17 Comments About the Octet Rule 2nd row elements C, N, O, F observe the octet rule (HONC rule as well). 2nd row elements B and Be often have fewer than 8 electrons around themselves - they are very reactive. 3rd row and heavier elements CAN exceed the octet rule using empty valence d orbitals. When writing Lewis structures, satisfy octets first, then place electrons around elements having available d orbitals.

18 Shows how valence electrons are arranged among atoms in a molecule. Reflects central idea that stability of a compound relates to noble gas electron configuration. Lewis Structures

19 C H H H Cl.. Completing a Lewis Structure - CH 3 Cl Add up available valence electrons: C = 4, H = (3)(1), Cl = 7 Total = 14 Join peripheral atoms to the central atom with electron pairs. Complete octets on atoms other than hydrogen with remaining electrons Make carbon the central atom..

20 Multiple Covalent Bonds: Double bonds Two pairs of shared electrons Ethene

21 Multiple Covalent Bonds: Triple bonds Three pairs of shared electrons Ethyne

22 Resonance Resonance is invoked when more than one valid Lewis structure can be written for a particular molecule. The actual structure is an average of the resonance structures. Benzene, C 6 H 6 The bond lengths in the ring are identical, and between those of single and double bonds.

23 Resonance Bond Length and Bond Energy Resonance bonds are shorter and stronger than single bonds. Resonance bonds are longer and weaker than double bonds.

24 Resonance in Ozone, O 3 Neither structure is correct. Oxygen bond lengths are identical, and intermediate to single and double bonds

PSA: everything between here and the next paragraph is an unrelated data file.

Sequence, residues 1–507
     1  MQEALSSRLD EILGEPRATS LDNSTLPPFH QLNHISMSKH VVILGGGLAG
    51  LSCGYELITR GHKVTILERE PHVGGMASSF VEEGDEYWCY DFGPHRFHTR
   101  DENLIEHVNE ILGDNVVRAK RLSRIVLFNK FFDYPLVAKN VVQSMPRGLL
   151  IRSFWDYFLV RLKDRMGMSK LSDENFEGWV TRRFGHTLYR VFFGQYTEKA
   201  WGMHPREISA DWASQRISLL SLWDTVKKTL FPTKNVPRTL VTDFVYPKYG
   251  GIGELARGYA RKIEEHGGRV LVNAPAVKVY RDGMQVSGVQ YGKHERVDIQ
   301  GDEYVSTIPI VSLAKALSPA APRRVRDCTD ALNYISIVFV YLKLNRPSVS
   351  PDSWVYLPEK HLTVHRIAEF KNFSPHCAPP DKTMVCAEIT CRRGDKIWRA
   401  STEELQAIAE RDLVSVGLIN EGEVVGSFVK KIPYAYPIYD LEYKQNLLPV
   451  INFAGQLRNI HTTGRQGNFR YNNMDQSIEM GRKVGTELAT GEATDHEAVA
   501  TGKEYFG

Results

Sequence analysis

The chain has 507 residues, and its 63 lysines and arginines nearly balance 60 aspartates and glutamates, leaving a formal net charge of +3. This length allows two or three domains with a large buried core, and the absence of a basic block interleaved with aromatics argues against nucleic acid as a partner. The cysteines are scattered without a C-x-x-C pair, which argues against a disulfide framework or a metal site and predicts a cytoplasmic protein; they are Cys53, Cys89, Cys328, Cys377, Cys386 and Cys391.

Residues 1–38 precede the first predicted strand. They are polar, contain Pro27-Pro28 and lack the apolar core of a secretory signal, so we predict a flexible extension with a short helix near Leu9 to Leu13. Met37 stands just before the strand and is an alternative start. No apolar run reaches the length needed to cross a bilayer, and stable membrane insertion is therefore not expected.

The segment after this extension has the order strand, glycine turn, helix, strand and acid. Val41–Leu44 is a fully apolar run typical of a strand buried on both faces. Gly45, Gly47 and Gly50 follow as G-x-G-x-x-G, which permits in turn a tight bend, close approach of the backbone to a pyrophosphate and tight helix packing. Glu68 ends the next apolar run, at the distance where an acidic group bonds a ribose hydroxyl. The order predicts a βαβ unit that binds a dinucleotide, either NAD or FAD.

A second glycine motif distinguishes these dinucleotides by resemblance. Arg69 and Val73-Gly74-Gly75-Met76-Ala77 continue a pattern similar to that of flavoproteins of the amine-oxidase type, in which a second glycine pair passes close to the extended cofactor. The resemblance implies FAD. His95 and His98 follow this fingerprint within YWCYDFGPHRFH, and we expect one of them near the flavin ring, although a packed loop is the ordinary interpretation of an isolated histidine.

25 Resonance in a carbonate ion: Resonance in an acetate ion: Resonance in Polyatomic Ions

26 Localized Electron Model Lewis structures are an application of theLocalized Electron Model L.E.M. says: Electron pairs can be thought of as belonging to pairs of atoms when bonding Resonance points out a weakness in the Localized Electron Model.

27 Models Models are attempts to explain how nature operates on the microscopic level based on experiences in the macroscopic world. Models can be physical as with this DNA model Models can be mathematical Models can be theoretical or philosophical

28 Fundamental Properties of Models A model does not equal reality. Models are oversimplifications, and are therefore often wrong. Models become more complicated as they age. We must understand the underlying assumptions in a model so that we dont misuse it.

29 VSEPR – Valence Shell Electron Pair Repulsion X + E Overall Structure Forms 2 LinearAX 2 3 Trigonal PlanarAX 3, AX 2 E 4 TetrahedralAX 4, AX 3 E, AX 2 E 2 5 Trigonal bipyramidalAX 5, AX 4 E, AX 3 E 2, AX 2 E 3 6 OctahedralAX 6, AX 5 E, AX 4 E 2 A = central atom X = atoms bonded to A E = nonbonding electron pairs on A

30 VSEPR: Linear AX 2 CO 2

31 VSEPR: Trigonal Planar AX 3 AX 2 E BF 3 SnCl 2

32 VSEPR: Tetrahedral AX 4 AX 3 E AX 2 E 2 CCl 4 PCl 3 Cl 2 O

33 VSEPR: Trigonal Bi-pyramidal AX 5 AX 4 E AX 3 E 2 AX 2 E 3 PCl 5 SF 4 ClF 3 I3-I3-I3-I3-

34 VSEPR: Octahedral AX 6 AX 5 E AX 4 E 2 SF 6 ICl 4 - BrF 5